Greg Pattridge hosts Marvelous Middle Grade Monday posts on his wonderful Always in the Middle website. Check out the link to see all of the wonderful reviews by KidLit bloggers and authors.

*Review copy provided by Candlewick Press in exchange for a review.

About Patricia Tiltonhttps://childrensbooksheal.wordpress.comI want "Children's Books Heal" to be a resource for parents, grandparents, teachers and school counselors. My goal is to share books on a wide range of topics that have a healing impact on children who are facing challenges in their lives. If you are looking for good books on grief, autism, visual and hearing impairments, special needs, diversity, bullying, military families and social justice issues, you've come to the right place. I also share books that encourage art, imagination and creativity. I am always searching for those special gems to share with you. If you have a suggestion, please let me know.

26 thoughts on “Merci Suarez Can’t Dance by Meg Medina

    • That’s interesting. I do love the cover on the first better than the second. But, Merci is older. Medina is spot on with MG angst. I loved how Merci doesn’t want to get involved with boys — friendship is enough — but she is still curious about boy-girl relationships and what it feels like to hold a boy’s hand, kiss a boy, (do teeth bang?) and breaking up. Perfect for this age group.

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    • I really enjoy Medina’s storytelling. I learn so much about the Latino culture, the extended family relationships and so on. But, this story really focuses on Merci’s curiosity about boys.

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  1. I have the first book, but haven’t read it yet. I see there is a new cover for the first book that looks like it matches this one- and it looks more of middle school book than the first cover did. Sounds like a good series. I will have to get reading. 🙂

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  2. This sounds like a great read with a lot of different layers. I think that middle schoolers will really relate to her not wanting to dance. Such a great title! My grandma’s Alzheimers started when I was in middle school, so I really like how that was included her.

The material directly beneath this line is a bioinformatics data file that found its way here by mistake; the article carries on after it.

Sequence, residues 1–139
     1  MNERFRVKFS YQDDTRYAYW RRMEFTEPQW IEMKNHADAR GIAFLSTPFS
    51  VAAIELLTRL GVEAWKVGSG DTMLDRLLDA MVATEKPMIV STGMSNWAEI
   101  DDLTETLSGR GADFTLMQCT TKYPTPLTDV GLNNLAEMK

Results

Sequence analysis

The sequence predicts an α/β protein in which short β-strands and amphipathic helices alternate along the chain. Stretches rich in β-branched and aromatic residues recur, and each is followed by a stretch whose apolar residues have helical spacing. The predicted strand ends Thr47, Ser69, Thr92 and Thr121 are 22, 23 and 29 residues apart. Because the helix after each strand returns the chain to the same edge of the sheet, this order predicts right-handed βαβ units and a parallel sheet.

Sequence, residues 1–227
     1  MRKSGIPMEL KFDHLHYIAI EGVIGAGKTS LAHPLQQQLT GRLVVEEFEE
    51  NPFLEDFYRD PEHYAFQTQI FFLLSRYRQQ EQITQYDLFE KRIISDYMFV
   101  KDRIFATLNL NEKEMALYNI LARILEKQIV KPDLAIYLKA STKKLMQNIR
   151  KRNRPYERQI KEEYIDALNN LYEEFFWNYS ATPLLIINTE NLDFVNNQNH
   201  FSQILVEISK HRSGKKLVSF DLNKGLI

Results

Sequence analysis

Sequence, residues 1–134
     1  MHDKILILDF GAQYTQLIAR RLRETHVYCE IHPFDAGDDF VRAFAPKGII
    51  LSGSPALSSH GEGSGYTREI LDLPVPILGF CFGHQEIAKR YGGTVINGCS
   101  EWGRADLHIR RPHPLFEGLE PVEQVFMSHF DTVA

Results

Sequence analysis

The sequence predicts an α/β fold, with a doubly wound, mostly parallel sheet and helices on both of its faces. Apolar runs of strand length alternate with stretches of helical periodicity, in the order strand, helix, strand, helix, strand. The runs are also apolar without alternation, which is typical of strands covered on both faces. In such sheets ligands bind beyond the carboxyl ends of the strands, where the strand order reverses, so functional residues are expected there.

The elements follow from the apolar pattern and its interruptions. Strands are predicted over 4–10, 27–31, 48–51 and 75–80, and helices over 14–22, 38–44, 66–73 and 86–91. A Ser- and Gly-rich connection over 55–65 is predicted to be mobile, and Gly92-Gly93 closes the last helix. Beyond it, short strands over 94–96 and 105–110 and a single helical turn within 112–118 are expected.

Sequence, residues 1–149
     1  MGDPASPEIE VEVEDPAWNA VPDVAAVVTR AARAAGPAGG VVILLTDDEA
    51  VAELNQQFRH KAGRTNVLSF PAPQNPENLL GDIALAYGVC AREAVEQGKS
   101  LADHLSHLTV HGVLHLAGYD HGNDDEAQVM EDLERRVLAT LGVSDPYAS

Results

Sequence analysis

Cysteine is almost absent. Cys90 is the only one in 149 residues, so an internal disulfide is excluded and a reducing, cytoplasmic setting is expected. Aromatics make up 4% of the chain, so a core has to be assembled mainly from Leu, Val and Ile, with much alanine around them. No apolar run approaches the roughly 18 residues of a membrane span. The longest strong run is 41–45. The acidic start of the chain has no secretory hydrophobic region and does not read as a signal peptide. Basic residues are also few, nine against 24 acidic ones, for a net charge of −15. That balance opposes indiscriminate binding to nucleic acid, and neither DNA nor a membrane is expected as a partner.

Thanks for bringing another thoughtful read to our attention!

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    • There are a lot of kids who feel awkward about dancing. Medina really speaks to MG readers and what concerns them. Believe you will enjoy her sequel — an relate a bit. Thanks for commenting!

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  3. I’m one who wants to know what happens next as I thoroughly enjoyed the first Merci Suarez book. The family is diverse and there’s never a dull moment. Ms. Median really captures the heart of a middle grade kid. Thanks for your enticing review on today’s MMGM.

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  4. I still haven’t read the first book in this series, which is pretty embarrassing by this point! This one sounds like an excellent sequel, though I do wonder why the cover looks so different than that of the first. Thanks for the great review!

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    • I really love the hardback cover of her first book. The paperback isn’t quite as appealing. But, it does kind of match the sequel. This series is packed with family, culture, MG angst and lots of humor! So well written.

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  5. What a lovely and well-written review! I haven’t read the first book either, but I’m going to hunt it down. Your review of this one shows me they are both right up my alley. Thank you for sharing your thoughts.